Patrick Kua: Amazing. And then who are some of the peers that you work with and maybe other people across the business?
Anita Singh: So peers? I guess I’m part of this broader organisation supply automation and marketplace. So I have my fellow manager of managers there. Around 3 of them. Then there’s broader peers as well outside. Which is around again 2 or 3 of the people and then there’s, of course, my product counterpart, design and then also outside of product and tech, there’s ops and the marketplace performance team. So these are my main peers I would say.
Patrick Kua: Great. And who do you currently report to?
Anita Singh: The VP of engineering.
Patrick Kua: Got it. Excellent. I think it’s a really fascinating mix. You’ve got a few peers with similar scope and then you’ve also got ops and it sounds like in that industry, there’s probably quite a lot of ops.
Anita Singh: Yes. Yes, exactly.
Patrick Kua: How do you end up spending your time if you think about an average week versus your teams and the rest of the business? What does that look like?
Anita Singh: That’s a great question. I guess because I’m still a bit in the onboarding phase. It’s probably going to look different as I get deeper. But I would say around half my time goes into marketplace topics. So our leadership round and my product counterpart and design. Then maybe like other 20% with my peers and around the rest towards ops. Although I have to say I do rely on my product counterpart a lot for that.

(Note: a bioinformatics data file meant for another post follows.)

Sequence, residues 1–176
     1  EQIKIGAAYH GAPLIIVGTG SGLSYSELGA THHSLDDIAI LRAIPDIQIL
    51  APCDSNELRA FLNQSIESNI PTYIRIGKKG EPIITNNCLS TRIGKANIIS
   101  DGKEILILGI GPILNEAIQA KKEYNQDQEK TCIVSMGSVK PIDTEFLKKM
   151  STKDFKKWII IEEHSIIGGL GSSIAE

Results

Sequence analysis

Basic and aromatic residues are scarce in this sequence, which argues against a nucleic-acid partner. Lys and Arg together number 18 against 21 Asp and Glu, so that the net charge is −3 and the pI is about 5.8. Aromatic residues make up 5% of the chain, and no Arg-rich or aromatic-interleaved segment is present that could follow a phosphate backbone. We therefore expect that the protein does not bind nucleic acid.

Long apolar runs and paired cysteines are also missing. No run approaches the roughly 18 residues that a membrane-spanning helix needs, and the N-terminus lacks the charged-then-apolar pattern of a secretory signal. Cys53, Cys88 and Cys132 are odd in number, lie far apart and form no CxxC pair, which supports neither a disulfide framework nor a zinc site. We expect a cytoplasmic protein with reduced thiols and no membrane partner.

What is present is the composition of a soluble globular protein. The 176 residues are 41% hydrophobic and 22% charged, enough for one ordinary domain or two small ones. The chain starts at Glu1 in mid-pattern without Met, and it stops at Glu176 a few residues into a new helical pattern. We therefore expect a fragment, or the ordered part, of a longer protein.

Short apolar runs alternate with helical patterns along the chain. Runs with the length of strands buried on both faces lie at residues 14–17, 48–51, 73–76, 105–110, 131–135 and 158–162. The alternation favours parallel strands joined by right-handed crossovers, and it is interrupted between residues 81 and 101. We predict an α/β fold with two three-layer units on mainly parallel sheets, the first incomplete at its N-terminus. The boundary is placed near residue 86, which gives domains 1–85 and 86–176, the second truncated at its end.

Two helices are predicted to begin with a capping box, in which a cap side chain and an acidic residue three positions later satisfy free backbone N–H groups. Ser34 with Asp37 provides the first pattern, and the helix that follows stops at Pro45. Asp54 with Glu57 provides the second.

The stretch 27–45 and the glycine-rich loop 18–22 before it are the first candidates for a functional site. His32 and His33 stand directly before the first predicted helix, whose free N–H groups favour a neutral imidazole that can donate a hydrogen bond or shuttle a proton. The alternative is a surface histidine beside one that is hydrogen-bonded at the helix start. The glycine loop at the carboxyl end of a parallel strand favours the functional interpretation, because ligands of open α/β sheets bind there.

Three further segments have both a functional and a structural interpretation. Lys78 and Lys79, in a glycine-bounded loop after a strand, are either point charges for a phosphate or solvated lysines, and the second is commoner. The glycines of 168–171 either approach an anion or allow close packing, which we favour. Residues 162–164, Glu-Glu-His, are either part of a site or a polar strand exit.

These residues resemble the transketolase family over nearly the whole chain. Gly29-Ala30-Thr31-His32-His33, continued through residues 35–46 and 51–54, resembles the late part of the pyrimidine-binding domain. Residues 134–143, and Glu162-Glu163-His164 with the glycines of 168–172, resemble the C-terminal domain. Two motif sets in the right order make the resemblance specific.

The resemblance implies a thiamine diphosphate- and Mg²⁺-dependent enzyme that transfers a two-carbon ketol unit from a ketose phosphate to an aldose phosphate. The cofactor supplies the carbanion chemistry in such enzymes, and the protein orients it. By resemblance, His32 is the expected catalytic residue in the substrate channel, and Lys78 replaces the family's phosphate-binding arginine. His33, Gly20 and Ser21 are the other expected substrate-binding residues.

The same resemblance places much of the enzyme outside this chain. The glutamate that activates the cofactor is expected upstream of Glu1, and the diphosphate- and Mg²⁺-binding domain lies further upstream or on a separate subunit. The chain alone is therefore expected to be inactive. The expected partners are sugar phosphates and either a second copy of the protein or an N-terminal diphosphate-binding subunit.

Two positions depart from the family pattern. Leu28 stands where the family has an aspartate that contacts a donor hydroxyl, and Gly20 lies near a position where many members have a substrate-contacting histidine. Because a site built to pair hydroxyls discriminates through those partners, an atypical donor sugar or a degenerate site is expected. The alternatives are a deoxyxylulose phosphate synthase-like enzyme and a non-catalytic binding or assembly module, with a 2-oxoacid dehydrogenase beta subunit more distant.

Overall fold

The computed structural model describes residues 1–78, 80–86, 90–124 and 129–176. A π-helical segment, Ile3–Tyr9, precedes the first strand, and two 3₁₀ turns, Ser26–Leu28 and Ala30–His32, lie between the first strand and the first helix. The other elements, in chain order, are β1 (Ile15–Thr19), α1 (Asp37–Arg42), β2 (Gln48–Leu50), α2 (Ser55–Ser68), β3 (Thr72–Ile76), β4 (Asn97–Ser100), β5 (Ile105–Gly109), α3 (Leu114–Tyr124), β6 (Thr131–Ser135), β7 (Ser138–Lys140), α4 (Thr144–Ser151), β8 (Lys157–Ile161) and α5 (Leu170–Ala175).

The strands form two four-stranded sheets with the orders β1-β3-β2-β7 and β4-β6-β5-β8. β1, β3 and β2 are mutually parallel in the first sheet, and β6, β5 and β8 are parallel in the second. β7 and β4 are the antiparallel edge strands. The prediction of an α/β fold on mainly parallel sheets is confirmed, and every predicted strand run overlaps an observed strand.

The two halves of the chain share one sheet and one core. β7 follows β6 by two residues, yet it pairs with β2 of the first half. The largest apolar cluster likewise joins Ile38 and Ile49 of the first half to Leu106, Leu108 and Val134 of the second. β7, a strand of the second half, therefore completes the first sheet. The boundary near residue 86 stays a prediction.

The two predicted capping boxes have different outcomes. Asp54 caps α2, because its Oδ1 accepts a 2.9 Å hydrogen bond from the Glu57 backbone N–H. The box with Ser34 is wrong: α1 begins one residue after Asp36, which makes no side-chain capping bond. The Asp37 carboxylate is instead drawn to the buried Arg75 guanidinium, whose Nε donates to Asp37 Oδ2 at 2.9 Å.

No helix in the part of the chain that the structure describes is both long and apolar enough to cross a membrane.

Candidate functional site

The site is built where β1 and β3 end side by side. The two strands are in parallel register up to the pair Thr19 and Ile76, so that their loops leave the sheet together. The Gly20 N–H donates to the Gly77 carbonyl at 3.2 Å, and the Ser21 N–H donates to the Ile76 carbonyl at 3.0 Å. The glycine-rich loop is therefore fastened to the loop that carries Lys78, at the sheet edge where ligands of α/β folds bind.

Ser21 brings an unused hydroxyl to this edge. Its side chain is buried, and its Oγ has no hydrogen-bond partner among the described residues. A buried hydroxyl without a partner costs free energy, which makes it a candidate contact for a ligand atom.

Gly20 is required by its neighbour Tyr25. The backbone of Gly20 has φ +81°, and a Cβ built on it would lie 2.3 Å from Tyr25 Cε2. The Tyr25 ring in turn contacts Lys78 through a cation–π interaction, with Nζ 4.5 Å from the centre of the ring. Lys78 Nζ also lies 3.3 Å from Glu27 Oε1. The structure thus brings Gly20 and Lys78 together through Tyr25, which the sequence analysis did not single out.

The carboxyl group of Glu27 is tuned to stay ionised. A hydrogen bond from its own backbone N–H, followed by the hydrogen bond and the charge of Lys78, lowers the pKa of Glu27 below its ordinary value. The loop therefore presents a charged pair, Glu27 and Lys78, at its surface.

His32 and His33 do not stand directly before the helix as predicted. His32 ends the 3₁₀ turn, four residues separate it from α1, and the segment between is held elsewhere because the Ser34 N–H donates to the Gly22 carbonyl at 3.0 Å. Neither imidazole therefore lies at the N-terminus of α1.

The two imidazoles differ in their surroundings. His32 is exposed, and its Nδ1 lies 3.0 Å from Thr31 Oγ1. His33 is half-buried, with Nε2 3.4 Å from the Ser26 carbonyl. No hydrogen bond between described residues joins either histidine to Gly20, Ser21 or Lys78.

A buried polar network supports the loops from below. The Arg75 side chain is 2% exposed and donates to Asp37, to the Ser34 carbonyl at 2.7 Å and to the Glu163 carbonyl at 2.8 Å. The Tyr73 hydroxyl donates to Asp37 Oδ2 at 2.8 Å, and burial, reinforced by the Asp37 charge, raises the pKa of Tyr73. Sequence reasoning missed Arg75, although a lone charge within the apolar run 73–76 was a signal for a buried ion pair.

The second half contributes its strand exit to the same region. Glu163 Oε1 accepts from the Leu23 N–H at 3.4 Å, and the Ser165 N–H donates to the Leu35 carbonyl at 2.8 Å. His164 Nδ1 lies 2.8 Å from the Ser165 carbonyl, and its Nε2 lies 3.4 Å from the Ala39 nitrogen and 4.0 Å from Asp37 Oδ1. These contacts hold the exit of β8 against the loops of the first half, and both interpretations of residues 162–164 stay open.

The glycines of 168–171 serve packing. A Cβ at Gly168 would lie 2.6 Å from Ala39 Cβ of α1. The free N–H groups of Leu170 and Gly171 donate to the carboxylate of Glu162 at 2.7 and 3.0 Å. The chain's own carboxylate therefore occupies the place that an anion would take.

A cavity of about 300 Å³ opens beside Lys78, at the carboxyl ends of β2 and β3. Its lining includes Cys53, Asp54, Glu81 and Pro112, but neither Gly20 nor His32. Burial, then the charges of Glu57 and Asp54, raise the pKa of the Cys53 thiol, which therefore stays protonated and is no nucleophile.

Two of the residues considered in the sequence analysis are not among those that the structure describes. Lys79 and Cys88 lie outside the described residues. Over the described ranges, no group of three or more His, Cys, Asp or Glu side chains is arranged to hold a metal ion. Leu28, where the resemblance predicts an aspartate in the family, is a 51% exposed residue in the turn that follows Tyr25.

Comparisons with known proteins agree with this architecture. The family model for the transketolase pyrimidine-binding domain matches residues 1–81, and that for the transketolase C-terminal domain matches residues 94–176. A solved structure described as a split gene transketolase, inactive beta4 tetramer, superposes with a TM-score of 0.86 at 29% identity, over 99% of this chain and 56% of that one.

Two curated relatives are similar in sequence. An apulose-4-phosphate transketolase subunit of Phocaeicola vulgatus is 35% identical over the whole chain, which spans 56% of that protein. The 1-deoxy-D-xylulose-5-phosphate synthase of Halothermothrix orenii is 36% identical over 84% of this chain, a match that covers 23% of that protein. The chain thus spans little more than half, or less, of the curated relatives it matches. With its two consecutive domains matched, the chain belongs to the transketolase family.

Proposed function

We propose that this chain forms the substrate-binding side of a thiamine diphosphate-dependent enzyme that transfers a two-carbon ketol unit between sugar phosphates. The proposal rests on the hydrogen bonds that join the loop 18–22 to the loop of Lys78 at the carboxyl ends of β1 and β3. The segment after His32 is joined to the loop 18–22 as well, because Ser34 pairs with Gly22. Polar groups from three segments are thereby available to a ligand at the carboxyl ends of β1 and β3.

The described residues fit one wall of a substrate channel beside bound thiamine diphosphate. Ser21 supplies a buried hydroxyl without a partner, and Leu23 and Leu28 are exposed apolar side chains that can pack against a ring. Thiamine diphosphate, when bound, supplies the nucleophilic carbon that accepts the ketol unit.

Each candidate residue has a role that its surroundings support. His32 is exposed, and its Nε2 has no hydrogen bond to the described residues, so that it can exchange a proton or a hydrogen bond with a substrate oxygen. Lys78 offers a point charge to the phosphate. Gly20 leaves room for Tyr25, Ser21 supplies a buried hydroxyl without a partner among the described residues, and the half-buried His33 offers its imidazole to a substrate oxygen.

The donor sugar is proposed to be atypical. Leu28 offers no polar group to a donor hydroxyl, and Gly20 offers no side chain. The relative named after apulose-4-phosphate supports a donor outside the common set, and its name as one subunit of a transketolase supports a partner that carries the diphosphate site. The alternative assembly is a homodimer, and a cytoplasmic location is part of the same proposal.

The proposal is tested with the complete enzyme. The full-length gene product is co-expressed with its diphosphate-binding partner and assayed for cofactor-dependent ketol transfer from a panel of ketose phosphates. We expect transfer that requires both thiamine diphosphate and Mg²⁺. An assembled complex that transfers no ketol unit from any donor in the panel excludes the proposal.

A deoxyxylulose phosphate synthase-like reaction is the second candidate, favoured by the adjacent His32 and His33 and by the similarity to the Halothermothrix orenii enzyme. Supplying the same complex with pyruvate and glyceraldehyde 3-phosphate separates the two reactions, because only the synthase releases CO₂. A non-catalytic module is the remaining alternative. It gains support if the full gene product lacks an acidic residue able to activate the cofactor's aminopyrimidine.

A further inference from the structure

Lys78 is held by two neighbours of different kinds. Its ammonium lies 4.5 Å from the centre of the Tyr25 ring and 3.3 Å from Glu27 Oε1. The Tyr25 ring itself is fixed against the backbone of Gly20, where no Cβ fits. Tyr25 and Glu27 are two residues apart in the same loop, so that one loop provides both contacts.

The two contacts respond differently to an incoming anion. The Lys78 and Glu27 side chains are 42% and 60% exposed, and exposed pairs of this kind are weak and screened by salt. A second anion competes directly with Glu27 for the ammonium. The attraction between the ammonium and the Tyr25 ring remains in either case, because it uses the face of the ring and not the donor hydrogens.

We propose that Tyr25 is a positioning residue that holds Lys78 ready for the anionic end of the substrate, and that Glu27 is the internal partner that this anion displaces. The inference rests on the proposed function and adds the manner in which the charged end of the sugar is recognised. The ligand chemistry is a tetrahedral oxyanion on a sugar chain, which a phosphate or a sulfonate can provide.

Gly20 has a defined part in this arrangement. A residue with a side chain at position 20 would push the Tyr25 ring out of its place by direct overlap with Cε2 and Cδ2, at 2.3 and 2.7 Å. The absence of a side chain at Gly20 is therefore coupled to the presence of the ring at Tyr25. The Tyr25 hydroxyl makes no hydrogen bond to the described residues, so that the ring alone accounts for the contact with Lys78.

Patrick Kua: Yeah, amazing. And I mean you just talked to actually about onboarding and it is relatively new in that area. What has your experience been like as a manager of managers onboarding? Was there structure in place? Were you thrown into it and work it out? How has that been for you?
Anita Singh: So my manager actually had this nice 30, 60, 90 day plan. On my first day that we went over. So that really helped in knowing what I need to accomplish in my first three months which is, I think, quite crucial. But also had to be realistic right? Because a lot of the decisions you make right now or the path that you take, you probably see the impact of that way later. It’s probably not going to see some of that in the probation six month period so my manager really helped set those expectations. And then I did onboarding sessions with each of my 4 engineering managers. To learn about the systems in tech. Also, and then I did skip levels with everyone. Just intro coffee, so that was very eye-opening as always. I think the first few months was really just building relationships.